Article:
CAPE TOWN – This week Uber and Bolt drivers for these ride-sharing companies have been protesting about their working conditions, saying they are exploitative.
This was touched upon in the Competition Commission report this week, which states that the evidence presented to the commission revealed that the relationship between e-hailing companies and their operators was not governed by labour laws.
The commission received submissions alleging that e-hailing companies took unilateral decisions with no input from operators – an action that has the potential of undermining the rights of the e-hailing operators and threatening their survival.
During the public hearings, some e-hailing operators alleged that when e-hailing services entered the South African market, they (especially Uber) used various incentives to attract as many e-hailing operators as possible.
These incentives were later withdrawn unilaterally, negatively affecting their earnings. In addition, e-hailing companies introduced booking fees of an average of 4percent, which also impacted their earnings.
Based on the data received from e-hailing companies, the commission found that the gross earnings per e-hailing operator were declining over time until 2017/18.
The commission highlights that Uber operators’ gross earnings before the commission for a trip less than 2km was R85 in 2013 and this was reduced to R20 between 2016 and 2017. Uber has since increased the minimum fare to R25 from August 2018. Therefore, on average, an e-hailing operator needs to drive four trips to reach the same amount of earnings he earned in 2013. This fact alone highlights that all is not well between e-hailing companies and operators.
E-hailing companies such as Uber and Bolt have, however, challenged this claim by operators in terms of their submission to the commission. According to e-hailing companies, the digital platforms in the transport sector have created employment for unemployed individuals seeking full-time work and provided an opportunity for already employed individuals seeking to supplement their incomes.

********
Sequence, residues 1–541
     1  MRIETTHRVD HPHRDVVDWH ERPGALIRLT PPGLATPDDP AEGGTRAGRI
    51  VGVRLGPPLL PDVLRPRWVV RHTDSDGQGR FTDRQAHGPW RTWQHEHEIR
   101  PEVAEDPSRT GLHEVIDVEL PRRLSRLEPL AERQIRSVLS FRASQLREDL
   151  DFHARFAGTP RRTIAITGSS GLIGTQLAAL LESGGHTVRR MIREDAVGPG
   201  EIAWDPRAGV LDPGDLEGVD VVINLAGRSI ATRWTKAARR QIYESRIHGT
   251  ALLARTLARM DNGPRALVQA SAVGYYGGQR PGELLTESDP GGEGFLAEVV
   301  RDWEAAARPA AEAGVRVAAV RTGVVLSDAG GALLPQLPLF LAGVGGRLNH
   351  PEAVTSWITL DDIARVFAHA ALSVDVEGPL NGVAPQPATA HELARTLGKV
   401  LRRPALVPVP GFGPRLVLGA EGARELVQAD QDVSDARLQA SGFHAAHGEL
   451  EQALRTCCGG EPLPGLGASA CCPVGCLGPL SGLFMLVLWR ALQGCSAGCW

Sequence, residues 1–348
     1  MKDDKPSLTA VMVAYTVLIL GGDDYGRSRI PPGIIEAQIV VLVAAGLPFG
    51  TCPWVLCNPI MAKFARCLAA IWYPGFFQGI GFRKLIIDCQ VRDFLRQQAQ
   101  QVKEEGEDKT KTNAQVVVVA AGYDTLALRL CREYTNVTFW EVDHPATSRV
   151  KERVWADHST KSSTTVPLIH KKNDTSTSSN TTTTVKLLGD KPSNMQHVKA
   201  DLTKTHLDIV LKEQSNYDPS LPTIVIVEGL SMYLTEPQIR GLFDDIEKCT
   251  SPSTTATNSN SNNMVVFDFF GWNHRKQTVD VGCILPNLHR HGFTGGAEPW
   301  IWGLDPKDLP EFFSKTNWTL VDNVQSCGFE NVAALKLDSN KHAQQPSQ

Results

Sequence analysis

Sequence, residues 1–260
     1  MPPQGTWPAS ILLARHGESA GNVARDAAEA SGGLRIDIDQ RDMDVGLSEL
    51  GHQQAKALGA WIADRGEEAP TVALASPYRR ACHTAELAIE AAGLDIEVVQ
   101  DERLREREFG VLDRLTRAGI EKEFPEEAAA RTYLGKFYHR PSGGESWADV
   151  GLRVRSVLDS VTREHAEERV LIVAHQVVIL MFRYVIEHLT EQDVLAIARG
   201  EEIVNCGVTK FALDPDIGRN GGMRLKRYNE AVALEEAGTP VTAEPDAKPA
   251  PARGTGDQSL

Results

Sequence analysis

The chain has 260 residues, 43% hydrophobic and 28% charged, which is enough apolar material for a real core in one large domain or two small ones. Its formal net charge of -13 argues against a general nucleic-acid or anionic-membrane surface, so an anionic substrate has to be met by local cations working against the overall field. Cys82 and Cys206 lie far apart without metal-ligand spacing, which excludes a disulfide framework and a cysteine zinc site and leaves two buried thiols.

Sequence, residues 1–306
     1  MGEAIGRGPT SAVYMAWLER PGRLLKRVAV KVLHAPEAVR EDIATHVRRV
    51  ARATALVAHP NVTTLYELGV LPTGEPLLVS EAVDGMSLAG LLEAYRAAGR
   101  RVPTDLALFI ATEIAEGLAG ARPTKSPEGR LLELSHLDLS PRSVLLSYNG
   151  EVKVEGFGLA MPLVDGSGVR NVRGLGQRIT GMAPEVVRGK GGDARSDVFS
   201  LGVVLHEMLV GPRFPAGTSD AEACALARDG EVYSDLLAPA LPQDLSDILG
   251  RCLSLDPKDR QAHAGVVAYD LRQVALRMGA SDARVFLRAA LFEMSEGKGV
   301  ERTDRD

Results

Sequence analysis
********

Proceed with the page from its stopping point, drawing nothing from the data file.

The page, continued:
The question of whether independent contractors and e-hailing operators are typical employees who should be governed by employer/employee related laws has been controversial in jurisdictions worldwide, with South Africa being no exception.
The current situation between e-hailing companies and operators is not sustainable. It is contrary to promise of technology and innovation that, while it destroys jobs, it also brings new jobs. This situation illustrates the fact that the quality of jobs that are brought by technology companies, at least in the context of e-hailing companies, are not quality and meaningful jobs.
The case between e-hailing companies and operators is an important one for other industries. More and more sectors of the economy will be disrupted by technology.
In future more people will work in the same way as Uber and Bolt drivers. If this is true, there’s a need to ensure that the quality of work life will not be the same as current working conditions of Uber drivers. Tech leaders in South Africa can ensure that fairer working conditions are adopted by submitting their ideas to the commission before the March 31 via email to firstname.lastname@example.org
This future of work issue will also be discussed by South African innovators and technologists at the upcoming Fast Company – Most Innovative Companies conference on March 5 at the Cape Town International Convention Centre.
Wesley Diphoko is the editor-in-chief of the Fast Company magazine. He can be reached via email: email@example.com or via Twitter:@WesleyDiphoko